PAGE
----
New York Philharmonic/Masur

Symphony No.6 in F, Op.68 (Pastoral)
Fantasy on Motifs from Beethoven’s Ruins of Athens
Scythian Suite, Op.20

Louis Lortie (piano)

New York Philharmonic
Kurt Masur

Reviewed by: David M. Rice

Reviewed: 21 January, 2006
Venue: Avery Fisher Hall, New York City

Kurt Masur, Music Director Emeritus of the New York Philharmonic, returned on 19-21 January to lead the orchestra in compositions by Beethoven, Liszt and Prokofiev, with pianist Louis Lortie performing in the Liszt works. Masur was greeted with warmth from the audience and outstanding music-making from the orchestra, which he had led as music director from 1991 to 2002.

Masur led a warm and charming Pastoral, true to Beethoven’s programmatic indications. The effects of babbling brook, birdsong, and thunder and lightning, all came through in quite naturalistic fashion, with the solo clarinet passages in the second movement (Scene by the Brook) being especially noteworthy. Masur’s tempos appropriately projected the spirit of each of the bucolic settings depicted in the score: leisurely but not torpid in the opening movement; gentle and delicate in the second and rollicking in the third; tempestuous in the fourth, and majestic in the finale.

Masur’s masterful and precise dynamic control enabled him to realize fully the symphony’s wide-ranging contrasts, with the tranquillity of the brook-side setting, played with exquisite delicacy, at one extreme, and the fury of the thunderstorm at the other. Masur portrayed fully Beethoven’s rich palette of tonal colours, maintaining the balance among the instruments in perfect equipoise. This balance was aided mightily by the superb playing of the strings, each section sounding as a single voice in perfect unison, enabling the winds and brass to shine through and create warm and rich sound-pictures. Passages throughout the symphony in which the horns were sustained over the strings were quite beautifully played, particularly in the final movement. Beethoven’s indication of “thankful feelings” in the work’s concluding section aptly describes the audience’s response as the symphony came to a satisfying close.

The second half of the concert began with two works by Liszt, a composer long championed by Masur, both with Canadian pianist Louis Lortie as soloist. (A number of the orchestra’s principals sat out this portion of the concert, leaving associate principals to head up their sections.) Liszt often added bravura piano pyrotechnics to pre-existing thematic material with which audiences were familiar – in these pieces the ‘Turkish March’ and other themes from the Beethoven work and, in Totentanz, the ‘Dies Irae’ theme used in such works as Berlioz’s Symphonie fantastique and Saint-Saëns’s Danse macabre. Lortie rattled off the trills, glissandos and other technical challenges with apparent ease and considerable musicality.

The Ruins of Athens Fantasy is based on several themes from the Beethoven work, with particular emphasis on the ‘Turkish March’. The Beethoven-like tonality of the orchestral introduction changes suddenly with the piano’s entrance and remains characteristically Lisztian thereafter. The work is short on subtlety and long on bombast, ending with much sound and fury. But what did it signify? Not very much!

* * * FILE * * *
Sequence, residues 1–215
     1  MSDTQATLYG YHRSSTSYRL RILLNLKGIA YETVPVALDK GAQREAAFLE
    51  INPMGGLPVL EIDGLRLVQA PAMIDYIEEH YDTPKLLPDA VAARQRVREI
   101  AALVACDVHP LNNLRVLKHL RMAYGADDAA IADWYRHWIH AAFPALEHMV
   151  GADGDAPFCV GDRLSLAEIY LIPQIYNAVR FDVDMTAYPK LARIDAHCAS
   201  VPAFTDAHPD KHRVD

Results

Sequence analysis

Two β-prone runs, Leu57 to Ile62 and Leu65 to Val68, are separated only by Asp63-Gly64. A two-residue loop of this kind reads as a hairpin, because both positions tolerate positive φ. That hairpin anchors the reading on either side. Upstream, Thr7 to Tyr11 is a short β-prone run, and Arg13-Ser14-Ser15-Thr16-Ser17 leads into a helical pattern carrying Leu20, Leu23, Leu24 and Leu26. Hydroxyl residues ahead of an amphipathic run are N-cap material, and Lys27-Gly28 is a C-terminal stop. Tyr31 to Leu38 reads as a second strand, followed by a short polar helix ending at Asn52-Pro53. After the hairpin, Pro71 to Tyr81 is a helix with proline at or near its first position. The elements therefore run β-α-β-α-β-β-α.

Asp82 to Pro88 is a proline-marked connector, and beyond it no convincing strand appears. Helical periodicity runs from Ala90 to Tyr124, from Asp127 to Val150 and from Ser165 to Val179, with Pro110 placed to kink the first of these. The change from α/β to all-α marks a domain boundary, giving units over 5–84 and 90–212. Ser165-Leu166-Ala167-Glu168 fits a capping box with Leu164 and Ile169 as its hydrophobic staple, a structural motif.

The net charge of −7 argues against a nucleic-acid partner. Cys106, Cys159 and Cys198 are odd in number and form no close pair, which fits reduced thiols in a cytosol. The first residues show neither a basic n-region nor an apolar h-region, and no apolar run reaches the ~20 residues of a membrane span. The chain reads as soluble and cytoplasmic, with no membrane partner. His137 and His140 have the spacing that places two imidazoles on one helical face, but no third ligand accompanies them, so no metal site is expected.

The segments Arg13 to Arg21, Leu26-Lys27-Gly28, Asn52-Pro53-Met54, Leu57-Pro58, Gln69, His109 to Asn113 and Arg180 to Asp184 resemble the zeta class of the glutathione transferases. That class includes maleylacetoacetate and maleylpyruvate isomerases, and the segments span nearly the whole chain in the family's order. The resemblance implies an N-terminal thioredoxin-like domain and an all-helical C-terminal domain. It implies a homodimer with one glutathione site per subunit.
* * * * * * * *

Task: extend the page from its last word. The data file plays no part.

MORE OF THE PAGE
Totentanz begins even more bombastically – the opening piano passage calling for as much sound as the instrument can produce to maximize the impact of the ‘Dies Irae’ theme – but it develops into a far more interesting and coherent composition than the Ruins of Athens Fantasy. Liszt’s dazzling array of variations, some for piano solo and others with full orchestral accompaniment, ran a wide gamut, and Lortie played them with appropriate brilliance, bringing out varying colours and moods, ranging from a tenderly played contrapuntal solo piano variation, to rapid percussive passages, scales, arpeggios and repeated glissandos.

The final work was Prokofiev’s Scythian Suite, based on music he composed at age 24 under a commission from Diaghilev for a ballet that was never produced. Prokofiev certainly was influenced by Stravinsky’s The Rite of Spring, which had its infamous, riot-torn debut just two years earlier, and which Prokofiev had heard in a concert performance. There are many similarities between the two works: they are both based on somewhat similar Diaghilev scenarios, utilise a large orchestra to paint exotic tonal colours, and make extensive and pervasive use of ostinato. In the first section of Scythian Suite, a pizzicato figure in the double basses lasts for nearly a minute and a half. Also, Prokofiev’s irregularly accented strings in ‘Dance of the evil spirits’ and the trilling flute at the opening of ‘Night’ are both strongly reminiscent of passages in the first part of The Rite.

Nevertheless, in the dissonance-laden yet tonal Scythian Suite, the youthful Prokofiev speaks with a distinctive voice that already contains many elements of the musical vocabulary that would characterise his mature compositions. The performance on this occasion was dazzling, with Masur in control of every detail from the slashing opening to the final (and increasingly dissonant) crescendo, ending abruptly as the sun rises to destroy the evil god of night.

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